This manuscript is known as the Book of Sir Thomas Wyatt. Wyatt (1503–1542) was a diplomat, courtier and poet. In the roles of diplomat and courtier, he was required to be indirect, cryptic and sometimes evasive – the very qualities we find in his complex poetry.
The court of Henry VIII, Anne Boleyn and imprisonment
The opening lines of one of the poems in this manuscript reads, 'What wourde is that that chaungeth not / Though it be tourned and made in twain?' (f. 33v). The lines mean, ‘what word is there that does not change, even when it is turned and cut in half?’ Wyatt’s point is about how words can be turned and changed easily. He knew this better than many.
Wyatt spent his adult life in the court of Henry VIII. This was an environment of intrigue and danger. On 5 May 1536, he was arrested and sent to the Tower of London on charges of treason. There were rumours that he had had an affair with Anne Boleyn, the second wife of Henry VIII. On the 17th of that month, Anne’s supposed lovers were executed at the Tower. In the end, he escaped their fate and was released.
In one poem found here, Wyatt makes reference to 'her that did set our country in a rore', which some scholars have interpreted as a reference to Anne Boleyn. Intriguingly, however, the line has been revised in Wyatt's hand so that the lines seem to refer to a generic brunette. The altered line reads, 'Brunet that set my welth in such a rore' (f. 66v).
What does this manuscript reveal about Thomas Wyatt’s life and role as a poet?
Wyatt’s poetry was never printed in his own lifetime. Instead, his verse circulated in manuscripts, amongst a group of friends and acquaintances.
Several manuscripts containing Wyatt's poems survive, but this one is arguably the most important. It contains around 100 of his poems, many of them written in his own hand. Crucially, Wyatt has gone through the manuscript, marking the poems which are his and making changes. This is key, because it is sometimes difficult to be sure of the authorship of the poems attributed to him.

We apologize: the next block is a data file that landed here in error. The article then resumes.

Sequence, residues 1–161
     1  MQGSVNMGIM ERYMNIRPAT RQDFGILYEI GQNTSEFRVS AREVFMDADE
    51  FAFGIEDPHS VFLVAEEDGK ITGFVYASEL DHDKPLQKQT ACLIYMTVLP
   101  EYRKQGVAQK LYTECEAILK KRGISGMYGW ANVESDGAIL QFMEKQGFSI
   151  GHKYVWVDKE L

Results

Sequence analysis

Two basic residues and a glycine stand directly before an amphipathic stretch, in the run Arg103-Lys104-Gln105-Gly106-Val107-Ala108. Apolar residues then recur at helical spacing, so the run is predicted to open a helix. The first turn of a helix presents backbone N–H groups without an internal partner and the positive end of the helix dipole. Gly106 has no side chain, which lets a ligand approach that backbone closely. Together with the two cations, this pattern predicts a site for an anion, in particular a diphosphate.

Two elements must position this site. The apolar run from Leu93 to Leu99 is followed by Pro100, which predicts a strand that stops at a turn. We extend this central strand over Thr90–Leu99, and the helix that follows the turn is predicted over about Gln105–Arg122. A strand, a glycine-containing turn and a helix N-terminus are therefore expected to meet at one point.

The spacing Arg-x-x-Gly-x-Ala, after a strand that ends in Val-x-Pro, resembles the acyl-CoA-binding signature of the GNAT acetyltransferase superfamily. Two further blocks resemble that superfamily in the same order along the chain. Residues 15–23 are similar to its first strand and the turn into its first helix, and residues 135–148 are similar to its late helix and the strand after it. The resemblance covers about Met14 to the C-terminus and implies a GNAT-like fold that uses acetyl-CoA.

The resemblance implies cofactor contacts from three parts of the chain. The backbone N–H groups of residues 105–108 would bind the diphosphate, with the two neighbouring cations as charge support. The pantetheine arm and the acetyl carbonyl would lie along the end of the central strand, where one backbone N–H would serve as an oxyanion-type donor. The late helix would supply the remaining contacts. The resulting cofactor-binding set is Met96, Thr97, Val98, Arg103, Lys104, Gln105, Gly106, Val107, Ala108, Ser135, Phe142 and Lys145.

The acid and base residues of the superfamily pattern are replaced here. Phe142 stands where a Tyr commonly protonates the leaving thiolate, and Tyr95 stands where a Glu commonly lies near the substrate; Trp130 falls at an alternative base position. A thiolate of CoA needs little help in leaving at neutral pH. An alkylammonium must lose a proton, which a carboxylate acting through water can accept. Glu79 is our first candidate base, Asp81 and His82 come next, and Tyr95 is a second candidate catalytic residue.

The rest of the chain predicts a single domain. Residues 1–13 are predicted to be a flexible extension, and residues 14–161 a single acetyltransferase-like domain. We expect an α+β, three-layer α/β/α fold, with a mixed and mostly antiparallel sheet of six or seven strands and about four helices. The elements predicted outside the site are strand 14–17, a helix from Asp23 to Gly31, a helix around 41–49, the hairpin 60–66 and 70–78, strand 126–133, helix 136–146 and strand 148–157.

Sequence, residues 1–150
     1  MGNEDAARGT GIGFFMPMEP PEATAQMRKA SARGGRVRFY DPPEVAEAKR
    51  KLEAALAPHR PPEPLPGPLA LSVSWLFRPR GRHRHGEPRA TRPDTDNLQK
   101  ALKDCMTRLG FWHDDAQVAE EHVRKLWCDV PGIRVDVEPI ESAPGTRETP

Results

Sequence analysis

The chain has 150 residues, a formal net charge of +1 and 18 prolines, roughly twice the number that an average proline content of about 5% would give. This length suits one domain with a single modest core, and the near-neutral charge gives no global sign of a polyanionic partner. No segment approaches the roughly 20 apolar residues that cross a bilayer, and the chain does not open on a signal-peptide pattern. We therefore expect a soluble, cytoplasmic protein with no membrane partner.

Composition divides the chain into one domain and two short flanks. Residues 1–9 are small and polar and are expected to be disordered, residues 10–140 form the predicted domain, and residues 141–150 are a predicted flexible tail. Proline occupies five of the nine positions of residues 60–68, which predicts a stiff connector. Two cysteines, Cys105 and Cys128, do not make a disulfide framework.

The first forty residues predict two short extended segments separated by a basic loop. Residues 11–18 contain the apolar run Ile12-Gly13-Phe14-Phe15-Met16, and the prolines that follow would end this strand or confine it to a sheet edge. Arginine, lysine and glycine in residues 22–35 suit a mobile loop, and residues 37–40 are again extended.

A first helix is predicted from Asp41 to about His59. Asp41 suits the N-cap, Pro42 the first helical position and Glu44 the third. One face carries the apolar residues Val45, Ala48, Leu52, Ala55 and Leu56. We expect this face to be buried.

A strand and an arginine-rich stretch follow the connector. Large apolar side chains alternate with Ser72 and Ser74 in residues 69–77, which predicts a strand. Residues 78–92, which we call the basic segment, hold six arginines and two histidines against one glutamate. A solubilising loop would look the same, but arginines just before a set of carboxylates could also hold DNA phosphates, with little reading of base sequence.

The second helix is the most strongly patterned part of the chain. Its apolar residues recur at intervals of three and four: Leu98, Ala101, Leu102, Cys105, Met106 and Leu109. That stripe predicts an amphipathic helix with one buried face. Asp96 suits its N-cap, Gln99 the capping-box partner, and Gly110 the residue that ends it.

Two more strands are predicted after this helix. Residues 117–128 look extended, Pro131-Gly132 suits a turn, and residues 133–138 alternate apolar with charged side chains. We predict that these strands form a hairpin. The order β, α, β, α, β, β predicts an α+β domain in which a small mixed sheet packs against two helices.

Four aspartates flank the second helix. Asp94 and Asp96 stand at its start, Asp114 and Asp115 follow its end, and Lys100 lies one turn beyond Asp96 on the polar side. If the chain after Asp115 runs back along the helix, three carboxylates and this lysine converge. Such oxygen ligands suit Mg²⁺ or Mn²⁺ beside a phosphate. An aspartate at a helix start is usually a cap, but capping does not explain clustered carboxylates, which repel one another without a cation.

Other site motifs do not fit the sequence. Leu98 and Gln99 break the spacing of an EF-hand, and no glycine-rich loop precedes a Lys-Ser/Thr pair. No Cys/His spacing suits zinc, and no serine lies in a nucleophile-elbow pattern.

The manuscript is a working document, filled with changes, giving us a window onto Wyatt’s life. As part of his work as a diplomat, he was required to travel in Europe. The manuscript reflects this both in its physical form as well as in its content. An analysis of the inks in the manuscript, for example, shows it was composed over an extended period, in a variety of locations. Above one poem, Wyatt has written the words ‘In Spayne’ (f. 67r) – presumably dating to his time as an ambassador to the Spanish court from 1537–1539. The work of an ambassador was busy, involving lots of travel. One of the poems describes how the diplomat ‘never restes but running day & nyght / ffrome Reaulme to Reaulme from cite street & towne’ [never rests, but running day and night / From realm to realm, from city street and town] (f. 56r).
Thomas Wyatt and the sonnet form
Wyatt is credited as one of the first poets to use the sonnet form in English. This was very influential for writers, like Shakespeare, who came after him. In his use of the sonnet form, Wyatt was influenced by the work of the 14th century Italian writer Francesco Petrarca (1304–1374), or Petrarch. This manuscript contains many sonnets, as well as direct translations from Petrarch’s great verse collection, Il Canzoniere.
After his death, writers and literary critics noted the importance of Wyatt’s contact with European literature. The Elizabethan writer George Puttenham (1529–1590/91) said of Wyatt that by travelling in Europe, he was able to ‘greatly polish’ the ‘rude and homely manner’ of English poetry.
- Article by:
- Aviva Dautch
- Shakespeare’s life and world, Poetry, Gender, sexuality, courtship and marriage
Aviva Dautch traces how Shakespeare's Sonnets have been read and interpreted through the lens of biography, identity, gender and sexuality.
- Article by:
- Emily Mayne
- Gender, sexuality, courtship and marriage, Poetry
Love poetry in the Renaissance often expressed sexual or romantic passion, but it could also serve a variety of political, social and religious ends. Emily Mayne explores the origins and development of Renaissance love poetry and the many forms it took.
- Article by:
- Andrew Dickson
- Renaissance writers, Shakespeare’s life and world, Elizabethan England
Andrew Dickson follows the progress of the Renaissance through Europe, and examines the educational, religious, artistic and geographical developments that shaped culture during the period.